Now they've discovered they can actually delay gratification by suspending their Social Security at FRA for a while, then restart their claim. The net result is a boost of monthly payments by 8% per year5. "Once some people are retired, they may realize they don't need their Social Security income over the next few years. They would rather have a higher benefit down the road as inflation and longevity protection," says Koval.

Restarting Social Security after FRA

If your retirement planning is in order by the time you reach your full retirement age, this CSR strategy may make a lot of sense. After you suspend Social Security, you still have a few options to consider. For every month you suspend, you are adding "retirement credits" to your Social Security. For the biggest gain possible, consider suspending your claim when you reach your FRA, and waiting until age 70 to restart your claim.

If you choose this route, the Social Security Administration will reinstate and increase your benefit automatically when you reach age 70. Remember, for every full year you suspend, your benefit increases 8% per year. If you suspend for three years from age 67 to 70, your benefits jumps by 24% when your resume claiming benefits—that's a guaranteed benefit that will also increase with inflation for the rest of your life.

Tip: If you've reached your FRA, do the calculations to see if you have the financial capacity to fund retirement expenses during the delay period. If you can, then "test drive" the suspension of benefits for a year see how it works for you. Then, review this option annually to see that it still makes sense for your situation. Fortunately, there's no commitment to keeping it in place through age 70. You can employ it for up to 36 months (the time between FRA and age 70) at your discretion.

Case study: Claiming at age 62 vs. CSR strategy

In a hypothetical example, Jorge plans to claim his Social Security benefit at age 62 (see left side of the chart below) and receive $1,399 per month. Over his expected lifetime (93 years), his total benefit is estimated to be $520,428.

Now, let's examine if Jorge employed the CSR strategy. In a scenario where he decides to employ the strategy to its maximum benefit, he would suspend his benefit from FRA at age 67 to age 70. The amount of benefit foregone during the suspension period is estimated to be $50,364 and he would have to tap into retirement and personal savings to cover his expenses over that timeframe in order to maintain the same level of spending during the suspension period (see right side of the chart below).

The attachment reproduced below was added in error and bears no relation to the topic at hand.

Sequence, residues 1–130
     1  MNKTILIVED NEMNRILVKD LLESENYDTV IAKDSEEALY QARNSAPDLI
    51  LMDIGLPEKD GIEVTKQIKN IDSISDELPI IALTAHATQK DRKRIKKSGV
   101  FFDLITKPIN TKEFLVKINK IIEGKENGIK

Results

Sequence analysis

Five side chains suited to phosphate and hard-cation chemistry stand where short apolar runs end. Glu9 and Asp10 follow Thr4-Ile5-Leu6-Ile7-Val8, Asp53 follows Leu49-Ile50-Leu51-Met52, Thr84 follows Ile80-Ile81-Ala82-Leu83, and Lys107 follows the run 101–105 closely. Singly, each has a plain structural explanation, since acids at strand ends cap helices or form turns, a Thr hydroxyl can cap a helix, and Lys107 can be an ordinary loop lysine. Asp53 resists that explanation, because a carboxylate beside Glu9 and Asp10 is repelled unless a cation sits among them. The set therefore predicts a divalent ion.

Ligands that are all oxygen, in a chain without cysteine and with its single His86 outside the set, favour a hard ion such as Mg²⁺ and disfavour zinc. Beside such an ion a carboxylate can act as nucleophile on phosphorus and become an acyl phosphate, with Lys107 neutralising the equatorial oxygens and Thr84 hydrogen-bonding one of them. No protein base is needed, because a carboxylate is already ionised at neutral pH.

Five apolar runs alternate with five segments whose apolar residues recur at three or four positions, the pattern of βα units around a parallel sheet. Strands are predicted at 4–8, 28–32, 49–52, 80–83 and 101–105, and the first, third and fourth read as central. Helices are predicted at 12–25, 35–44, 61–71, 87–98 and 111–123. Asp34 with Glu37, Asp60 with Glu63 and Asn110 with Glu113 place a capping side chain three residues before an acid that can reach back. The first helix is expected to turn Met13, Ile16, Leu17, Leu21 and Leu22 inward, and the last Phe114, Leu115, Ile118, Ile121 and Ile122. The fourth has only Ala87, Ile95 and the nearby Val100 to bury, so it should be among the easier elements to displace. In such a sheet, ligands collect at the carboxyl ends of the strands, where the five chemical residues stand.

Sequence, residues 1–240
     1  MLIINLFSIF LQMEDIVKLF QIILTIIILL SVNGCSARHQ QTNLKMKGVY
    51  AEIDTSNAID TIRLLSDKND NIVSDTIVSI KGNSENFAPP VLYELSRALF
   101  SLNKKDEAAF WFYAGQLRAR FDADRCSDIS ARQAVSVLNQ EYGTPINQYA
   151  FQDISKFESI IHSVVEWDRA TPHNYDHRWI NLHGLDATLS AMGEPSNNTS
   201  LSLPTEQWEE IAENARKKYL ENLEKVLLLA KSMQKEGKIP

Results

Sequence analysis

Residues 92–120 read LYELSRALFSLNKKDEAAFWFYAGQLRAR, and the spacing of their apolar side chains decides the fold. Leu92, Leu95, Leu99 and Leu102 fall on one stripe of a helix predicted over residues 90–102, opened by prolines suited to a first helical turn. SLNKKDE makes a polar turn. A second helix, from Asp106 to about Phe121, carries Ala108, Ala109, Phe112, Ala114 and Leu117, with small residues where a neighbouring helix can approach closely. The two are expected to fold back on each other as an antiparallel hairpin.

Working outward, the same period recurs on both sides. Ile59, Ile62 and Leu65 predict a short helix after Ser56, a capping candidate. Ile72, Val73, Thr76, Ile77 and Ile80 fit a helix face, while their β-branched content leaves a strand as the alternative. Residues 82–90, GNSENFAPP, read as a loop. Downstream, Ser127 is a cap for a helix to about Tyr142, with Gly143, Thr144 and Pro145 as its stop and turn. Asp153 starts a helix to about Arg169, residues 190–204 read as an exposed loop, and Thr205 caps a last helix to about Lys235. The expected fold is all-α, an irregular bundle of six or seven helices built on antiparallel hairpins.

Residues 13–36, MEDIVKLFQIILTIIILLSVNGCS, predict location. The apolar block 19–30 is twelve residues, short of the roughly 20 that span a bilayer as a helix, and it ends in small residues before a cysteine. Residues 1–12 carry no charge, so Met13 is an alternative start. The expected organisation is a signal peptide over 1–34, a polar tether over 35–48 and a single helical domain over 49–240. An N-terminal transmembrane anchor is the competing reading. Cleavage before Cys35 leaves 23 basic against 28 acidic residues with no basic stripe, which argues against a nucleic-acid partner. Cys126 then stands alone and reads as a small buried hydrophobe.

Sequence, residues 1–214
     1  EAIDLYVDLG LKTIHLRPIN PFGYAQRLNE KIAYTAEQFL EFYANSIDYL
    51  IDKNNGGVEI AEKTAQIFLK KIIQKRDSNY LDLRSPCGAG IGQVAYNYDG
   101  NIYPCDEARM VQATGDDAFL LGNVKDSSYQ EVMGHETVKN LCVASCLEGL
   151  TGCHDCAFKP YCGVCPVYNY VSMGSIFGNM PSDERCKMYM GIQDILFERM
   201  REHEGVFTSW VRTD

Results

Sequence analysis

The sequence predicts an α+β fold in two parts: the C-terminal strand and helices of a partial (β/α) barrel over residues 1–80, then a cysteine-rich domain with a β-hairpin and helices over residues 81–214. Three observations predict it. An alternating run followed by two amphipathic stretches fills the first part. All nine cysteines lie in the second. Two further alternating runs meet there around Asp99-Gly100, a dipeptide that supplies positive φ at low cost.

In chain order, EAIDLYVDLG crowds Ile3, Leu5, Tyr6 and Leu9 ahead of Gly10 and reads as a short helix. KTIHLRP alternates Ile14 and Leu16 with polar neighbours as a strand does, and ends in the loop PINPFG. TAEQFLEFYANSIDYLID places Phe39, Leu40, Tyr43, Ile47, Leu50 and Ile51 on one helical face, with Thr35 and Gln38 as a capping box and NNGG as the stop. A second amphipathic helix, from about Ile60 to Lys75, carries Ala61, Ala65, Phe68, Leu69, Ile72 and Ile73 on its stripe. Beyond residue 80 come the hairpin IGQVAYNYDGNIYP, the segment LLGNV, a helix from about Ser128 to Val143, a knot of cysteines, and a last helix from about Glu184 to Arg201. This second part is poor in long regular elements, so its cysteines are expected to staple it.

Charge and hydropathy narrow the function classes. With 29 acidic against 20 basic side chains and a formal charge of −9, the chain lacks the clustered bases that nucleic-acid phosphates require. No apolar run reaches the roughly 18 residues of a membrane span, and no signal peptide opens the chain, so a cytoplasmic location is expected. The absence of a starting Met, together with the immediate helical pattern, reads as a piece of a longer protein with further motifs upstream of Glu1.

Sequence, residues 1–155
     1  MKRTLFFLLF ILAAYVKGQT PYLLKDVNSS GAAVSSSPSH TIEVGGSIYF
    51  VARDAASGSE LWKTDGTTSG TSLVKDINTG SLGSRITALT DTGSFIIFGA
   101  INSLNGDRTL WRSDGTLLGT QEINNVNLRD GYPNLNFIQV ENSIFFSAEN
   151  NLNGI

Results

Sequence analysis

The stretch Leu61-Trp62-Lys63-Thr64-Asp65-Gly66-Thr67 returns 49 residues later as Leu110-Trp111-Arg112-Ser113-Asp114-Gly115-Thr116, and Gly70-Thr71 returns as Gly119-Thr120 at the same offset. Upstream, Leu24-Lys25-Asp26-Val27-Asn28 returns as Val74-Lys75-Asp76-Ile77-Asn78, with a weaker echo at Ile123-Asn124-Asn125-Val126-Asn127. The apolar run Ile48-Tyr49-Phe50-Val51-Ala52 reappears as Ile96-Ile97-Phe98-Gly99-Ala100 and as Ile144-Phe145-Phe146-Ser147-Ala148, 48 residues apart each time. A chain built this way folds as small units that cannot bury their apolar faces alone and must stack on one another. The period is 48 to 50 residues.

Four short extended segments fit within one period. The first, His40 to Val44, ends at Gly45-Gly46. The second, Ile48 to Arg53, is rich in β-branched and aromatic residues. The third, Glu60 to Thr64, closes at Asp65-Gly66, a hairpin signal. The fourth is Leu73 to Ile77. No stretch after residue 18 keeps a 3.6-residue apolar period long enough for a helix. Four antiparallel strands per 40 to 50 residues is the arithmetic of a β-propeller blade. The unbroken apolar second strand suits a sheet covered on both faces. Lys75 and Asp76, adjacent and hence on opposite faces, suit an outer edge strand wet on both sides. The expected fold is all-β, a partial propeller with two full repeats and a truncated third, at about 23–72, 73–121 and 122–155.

When Jorge restarts his claim, his monthly benefit jumps to $1,734 per month. That's an increase of 24% over the first scenario and is estimated to boost his total benefit by $42,096 — increasing his lifetime benefit to $562,524. However, if he had a shorter life expectancy than 93, as assumed here, his potential payoff in the form of his lifetime benefit could be substantially lower. Jorge would then need to fund a $50,364 income gap for the three years he is suspending his benefit.

Jorge's hypothetical case: Claim at 62, suspend at FRA, and restart Social Security benefit at age 70 for a bigger payoff


One of the keys to this CSR strategy is to be able to tap into retirement or personal savings for a period of approximately 1 to 3 years when you won't be getting your monthly Social Security checks. "You need the financial capacity to self-fund the so-called bridge from approximately age 67 to 70," adds Koval.

"This strategy represents a cost-effective way of purchasing inflation-adjusted retirement benefits that are also guaranteed for a lifetime," says Koval. "Despite what most people are told, claiming Social Security is not an irrevocable decision. You can still take advantage of the positive impact of delaying your final claim which is maximized at age 70. Those increased payments really add up over time, especially if you live into your 90s."

In life, we often try to make the best choices based on information that we know—at that time. If you've already claimed Social Security, or reached your FRA recently, it makes sense to work with a financial professional and consider this CSR strategy, which may help boost your retirement income over your lifetime.

What could your Social Security benefit be?

See how claiming at different ages could affect your benefit.

More to explore

1. Starting your retirement benefits early, Social Security Administration (SSA), 2019, 2. Fidelity’s estimate based on Social Security Administration annual statistical supplement, 2023. 3. Social Security Benefits: Benefit Reduction for Early Retirement, SSA, 2008, 4. John Sullivan, "How many people wait to 70 to maximize social security benefits?," American Society of Pension Professionals & Actuaries (ASPPA), August 14, 2023, 5. Retirement Benefits, SSA, 2024,

Views expressed are as of the date indicated, based on the information available at that time, and may change based on market or other conditions. Unless otherwise noted, the opinions provided are those of the speaker or author and not necessarily those of Fidelity Investments or its affiliates. Fidelity does not assume any duty to update any of the information.

This information is intended to be educational and is not tailored to the investment needs of any specific investor.

Fidelity Brokerage Services LLC, Member NYSE, SIPC, 900 Salem Street, Smithfield, RI 02917